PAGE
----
A Hollywood memoir with a difference: this witty satire purports to be the first-person story of Cheeta, the chimp who co-starred with Johnny Weissmuller in the Tarzan films. Cheeta recounts his early life in the jungle, his "rescue" by humans, his first, blissful taste of banana, the voyage in a crate on a ship to America, his lifelong friendship with Weissmuller, and the loss of his virginity to a cageful of female chimps in the grounds of Charlie Chaplin's mansion.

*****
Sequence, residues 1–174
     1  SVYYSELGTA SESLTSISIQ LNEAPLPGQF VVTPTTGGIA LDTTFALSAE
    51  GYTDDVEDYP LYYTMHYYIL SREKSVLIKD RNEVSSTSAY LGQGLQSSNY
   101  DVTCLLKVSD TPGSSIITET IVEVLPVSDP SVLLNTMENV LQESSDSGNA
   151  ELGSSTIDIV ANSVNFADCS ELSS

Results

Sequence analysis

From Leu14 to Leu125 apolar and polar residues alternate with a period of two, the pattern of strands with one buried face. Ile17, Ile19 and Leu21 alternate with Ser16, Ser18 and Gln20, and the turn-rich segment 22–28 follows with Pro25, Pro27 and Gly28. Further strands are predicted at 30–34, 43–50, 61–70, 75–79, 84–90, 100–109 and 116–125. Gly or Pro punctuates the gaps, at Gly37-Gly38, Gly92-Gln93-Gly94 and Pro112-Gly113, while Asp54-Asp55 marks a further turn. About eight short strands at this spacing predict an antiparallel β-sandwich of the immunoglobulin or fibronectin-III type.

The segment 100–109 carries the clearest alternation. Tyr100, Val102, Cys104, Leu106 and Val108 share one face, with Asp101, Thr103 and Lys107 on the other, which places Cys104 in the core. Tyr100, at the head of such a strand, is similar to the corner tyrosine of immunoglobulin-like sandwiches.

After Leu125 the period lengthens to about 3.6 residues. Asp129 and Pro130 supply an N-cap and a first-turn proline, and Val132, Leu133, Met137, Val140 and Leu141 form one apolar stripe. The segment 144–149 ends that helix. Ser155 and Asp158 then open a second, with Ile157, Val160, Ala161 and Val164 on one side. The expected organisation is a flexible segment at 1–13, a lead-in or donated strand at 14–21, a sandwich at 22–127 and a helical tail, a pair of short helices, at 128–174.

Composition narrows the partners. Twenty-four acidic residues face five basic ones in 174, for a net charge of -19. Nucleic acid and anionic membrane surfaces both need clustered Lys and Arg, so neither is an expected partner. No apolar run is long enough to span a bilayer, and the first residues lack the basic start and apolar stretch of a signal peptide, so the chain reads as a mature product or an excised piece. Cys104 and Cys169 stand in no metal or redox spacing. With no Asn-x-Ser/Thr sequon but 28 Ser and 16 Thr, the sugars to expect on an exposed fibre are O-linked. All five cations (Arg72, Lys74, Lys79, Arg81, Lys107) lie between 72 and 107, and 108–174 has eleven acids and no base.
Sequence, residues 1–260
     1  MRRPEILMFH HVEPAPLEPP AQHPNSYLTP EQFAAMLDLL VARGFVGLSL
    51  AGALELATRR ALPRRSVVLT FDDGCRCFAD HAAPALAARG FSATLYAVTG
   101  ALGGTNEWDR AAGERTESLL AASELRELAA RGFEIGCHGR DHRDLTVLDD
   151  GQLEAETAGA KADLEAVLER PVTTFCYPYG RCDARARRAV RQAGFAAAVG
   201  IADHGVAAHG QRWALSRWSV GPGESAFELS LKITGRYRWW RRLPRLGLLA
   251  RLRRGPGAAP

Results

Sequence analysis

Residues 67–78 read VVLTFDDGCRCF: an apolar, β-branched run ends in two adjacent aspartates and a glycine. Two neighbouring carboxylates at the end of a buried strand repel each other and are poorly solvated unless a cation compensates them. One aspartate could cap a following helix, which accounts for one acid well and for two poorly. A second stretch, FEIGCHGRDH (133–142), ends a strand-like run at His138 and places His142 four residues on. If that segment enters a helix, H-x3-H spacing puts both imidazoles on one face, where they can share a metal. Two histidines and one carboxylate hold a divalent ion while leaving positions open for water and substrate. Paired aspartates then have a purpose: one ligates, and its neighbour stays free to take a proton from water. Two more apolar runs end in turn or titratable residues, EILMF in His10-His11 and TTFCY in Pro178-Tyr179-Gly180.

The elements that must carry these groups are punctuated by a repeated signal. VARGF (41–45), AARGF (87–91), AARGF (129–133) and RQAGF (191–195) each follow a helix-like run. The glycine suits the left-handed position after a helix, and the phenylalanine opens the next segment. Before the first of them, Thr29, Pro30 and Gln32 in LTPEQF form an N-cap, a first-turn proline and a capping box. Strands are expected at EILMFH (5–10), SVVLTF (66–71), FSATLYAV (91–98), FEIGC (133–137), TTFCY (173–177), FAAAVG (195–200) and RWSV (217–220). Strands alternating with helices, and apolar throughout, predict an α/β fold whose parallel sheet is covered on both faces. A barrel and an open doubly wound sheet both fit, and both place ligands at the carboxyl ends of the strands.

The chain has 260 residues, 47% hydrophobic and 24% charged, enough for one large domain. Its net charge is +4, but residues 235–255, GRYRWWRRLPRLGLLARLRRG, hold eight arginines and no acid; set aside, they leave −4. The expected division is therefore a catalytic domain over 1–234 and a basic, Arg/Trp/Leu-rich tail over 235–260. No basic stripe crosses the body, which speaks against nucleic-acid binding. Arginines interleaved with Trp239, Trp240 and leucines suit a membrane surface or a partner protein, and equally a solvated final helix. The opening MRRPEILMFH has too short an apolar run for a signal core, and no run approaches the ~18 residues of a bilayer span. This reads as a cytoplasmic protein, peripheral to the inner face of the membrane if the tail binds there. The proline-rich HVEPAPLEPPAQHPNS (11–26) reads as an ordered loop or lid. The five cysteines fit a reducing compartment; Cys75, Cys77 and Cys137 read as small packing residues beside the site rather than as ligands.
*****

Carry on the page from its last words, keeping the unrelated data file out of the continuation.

The tone of the narration is inconsistent, Cheeta sometimes knowing enough to quote Shakespeare and "subtly deconstruct" Jane by imitating her actions; sometimes as naive as, well, a chimp (when his cage is cleaned, he wonders why the humans are harvesting his excrement). But that's part of the joke. And Lever gets two things spot-on: the obsession with status in Hollywood, shown here to be identical to the alpha-male hierarchy of chimps; and the bitchiness of the celebrity memoir – Cheeta says of Sylvia Fairbanks: "I just didn't see in her that bloodcurdlingly shallow and avaricious gold-digger everyone tells you she became."